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          It seems to me that Scrum is an application of constructive human
          activity to software engineering. It may be in a position now to give
          back to human activity.

          I have a life mission statement which is like the project plan or
          architectural and business vision and doesn't change very often. I
          adopted this from 'The 7 habits of highly effective people' around 1996/1997

          I go on a retreat twice a year to work on my life goals which I break
          down into short term and long term which establishes a sprint backlog
          and a product backlog. I've been doing this for at least 15 years and
          don't remember where I picked up the idea.

          A number of self help people have written about the advisability of
          establishing a do list for the day and setting one thing that you
          definitely will do that day so you will have a feeling of some progress
          or accomplishment. The daily sprint. I'm a little weak in this area.

          So, yes, I would say this is well documented but you have to pick the
          bits and pieces from a lot of sources. Steven Covey, annoying at times,
          is probably a good place to start. He has a book for families but I
          haven't read it.

          John Recktenwald



          w6rabbit wrote:

          > --- In scrumdevelopment@yahoogroups.com, "Michael Vizdos"
          > <michael.vizdos@r...> wrote:
          > > Hi all.
          > >
          > > Our family of four (me, my wife, and two kids -- they are young)
          > is always
          > > struggling with "life" activities.
          > >
          > "We" consist of me, my wife, and our nine kids, ages 11 to 1.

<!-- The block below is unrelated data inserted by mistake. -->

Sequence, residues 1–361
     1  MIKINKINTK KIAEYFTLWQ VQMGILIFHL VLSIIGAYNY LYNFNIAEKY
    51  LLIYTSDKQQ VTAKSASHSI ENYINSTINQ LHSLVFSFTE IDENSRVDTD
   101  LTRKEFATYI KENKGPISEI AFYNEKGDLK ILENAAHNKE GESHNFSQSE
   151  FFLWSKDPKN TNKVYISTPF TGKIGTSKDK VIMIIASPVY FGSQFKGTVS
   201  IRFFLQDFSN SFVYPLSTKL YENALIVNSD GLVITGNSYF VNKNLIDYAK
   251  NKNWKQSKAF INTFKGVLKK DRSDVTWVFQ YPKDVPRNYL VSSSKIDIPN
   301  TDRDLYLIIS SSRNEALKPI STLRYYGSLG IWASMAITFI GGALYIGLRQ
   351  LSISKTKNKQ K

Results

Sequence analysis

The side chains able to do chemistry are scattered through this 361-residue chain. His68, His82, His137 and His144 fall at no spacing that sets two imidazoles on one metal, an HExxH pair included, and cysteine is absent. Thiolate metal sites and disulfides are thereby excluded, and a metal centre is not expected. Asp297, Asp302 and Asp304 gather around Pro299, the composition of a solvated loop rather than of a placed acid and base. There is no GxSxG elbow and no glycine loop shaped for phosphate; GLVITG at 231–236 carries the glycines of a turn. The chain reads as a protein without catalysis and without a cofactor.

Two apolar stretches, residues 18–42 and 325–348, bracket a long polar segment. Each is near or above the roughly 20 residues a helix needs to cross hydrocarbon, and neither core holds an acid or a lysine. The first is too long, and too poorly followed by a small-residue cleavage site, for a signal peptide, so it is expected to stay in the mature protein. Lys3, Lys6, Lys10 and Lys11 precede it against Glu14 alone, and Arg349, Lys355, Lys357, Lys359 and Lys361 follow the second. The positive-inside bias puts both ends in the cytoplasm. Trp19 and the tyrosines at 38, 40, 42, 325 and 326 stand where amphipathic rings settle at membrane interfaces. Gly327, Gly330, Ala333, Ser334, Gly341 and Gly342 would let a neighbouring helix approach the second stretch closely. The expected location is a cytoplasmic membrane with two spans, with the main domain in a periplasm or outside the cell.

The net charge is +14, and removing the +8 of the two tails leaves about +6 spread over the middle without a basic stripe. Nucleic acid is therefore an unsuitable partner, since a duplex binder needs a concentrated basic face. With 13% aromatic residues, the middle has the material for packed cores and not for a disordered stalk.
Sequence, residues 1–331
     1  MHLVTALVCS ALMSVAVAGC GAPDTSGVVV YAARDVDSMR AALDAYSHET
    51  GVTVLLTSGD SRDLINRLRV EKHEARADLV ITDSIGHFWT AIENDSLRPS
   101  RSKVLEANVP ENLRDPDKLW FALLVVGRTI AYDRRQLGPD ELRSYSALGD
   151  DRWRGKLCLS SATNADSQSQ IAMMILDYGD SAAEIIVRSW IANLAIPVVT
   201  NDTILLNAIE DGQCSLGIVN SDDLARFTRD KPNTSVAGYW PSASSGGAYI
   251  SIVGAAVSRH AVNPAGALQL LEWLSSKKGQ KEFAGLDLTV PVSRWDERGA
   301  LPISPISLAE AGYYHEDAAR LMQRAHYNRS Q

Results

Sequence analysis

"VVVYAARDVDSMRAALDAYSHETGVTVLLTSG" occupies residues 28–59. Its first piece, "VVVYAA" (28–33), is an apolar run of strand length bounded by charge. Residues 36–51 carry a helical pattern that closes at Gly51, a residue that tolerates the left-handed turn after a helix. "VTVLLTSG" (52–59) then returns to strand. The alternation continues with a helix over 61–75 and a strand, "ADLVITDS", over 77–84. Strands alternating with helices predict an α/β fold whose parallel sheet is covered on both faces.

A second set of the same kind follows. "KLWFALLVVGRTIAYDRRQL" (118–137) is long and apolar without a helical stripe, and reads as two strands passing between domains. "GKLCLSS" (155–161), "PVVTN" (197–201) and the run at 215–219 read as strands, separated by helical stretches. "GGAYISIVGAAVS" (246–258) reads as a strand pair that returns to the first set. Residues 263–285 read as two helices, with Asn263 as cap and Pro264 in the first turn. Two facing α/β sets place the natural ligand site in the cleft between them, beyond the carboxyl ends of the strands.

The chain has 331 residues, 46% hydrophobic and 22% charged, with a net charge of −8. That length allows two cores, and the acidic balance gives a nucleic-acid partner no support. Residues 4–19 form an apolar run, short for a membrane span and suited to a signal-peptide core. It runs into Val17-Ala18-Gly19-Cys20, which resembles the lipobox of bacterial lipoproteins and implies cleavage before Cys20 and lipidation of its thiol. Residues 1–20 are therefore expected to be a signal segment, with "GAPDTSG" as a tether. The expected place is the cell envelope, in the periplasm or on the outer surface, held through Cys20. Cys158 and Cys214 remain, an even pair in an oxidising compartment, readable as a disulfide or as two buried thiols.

> So I can relate to strugling with life and activities.
          >
          > > As a CSM, my wife asked me about what I do with Scrum
          > > and she said, "Hey, let's try that with life at home."
          > >
          > > Is there anyone out there that has something documented like this
          > > specifically for use by families? Is anyone
          > > already doing this?
          > >
          > We involve our 7 oldest, ages 11 to 3. The youngest doesn't
          > actually contribute much that's meaningful. She mostly says
          > things that she would have done anyway, like "eat lunch."
          > But the other 6 do set meaningful goals for their days.
          >
          > > If not, let this thread serve two functions:
          > >
          > > 1) I am going to try this at home.
          > >
          > > 2) I will document stuff as it happens. This may then
          > > help spread Scrum to the mainstream...
          > > Or is that too lofty of a goal?
          > >
          > I strongly believe that software development is
          > a team sport. And Scrum really helps us achieve that.
          > I think family should be even more of a team, and
          > I think that scrum, and improved communication
          > can help there too.
          >
          > > Anyone interested in joining me on this?
          > >
          > Some problems we've had are:
          > a) Some of the kids don't remember this morning, what
          > goals they set yesterday morning or remember very clearly
          > how they did. So we have the goal setting in the morning
          > and the review in the evening.
          >
          > b) I talked about them doing this for months, but in
          > practice, it doesn't happen yet unless I'm there and
          > call everybody in.
          > This means that the scrum is early in the morning
          > before I leave for work and before they are really
          > awake.
          >
          > c) We don't have sprints, yet. I expect we will,
          > but I'm introducing one thing at a time.
          >
          > Feedback:
          > As a result, I'm seeing them take ownership of things
          > that I'have wanted them to all along.
          >
          > I heard that the other night, when I had an evening
          > meeting, my 10-year old son spoke up at supper,
          > "Well, it looks like we're not going to have a scrum
          > with daddy, but today I ..."
          > on his own initiative.
          >
          > Good luck Mike,
          > Brad.
          >
          >
          >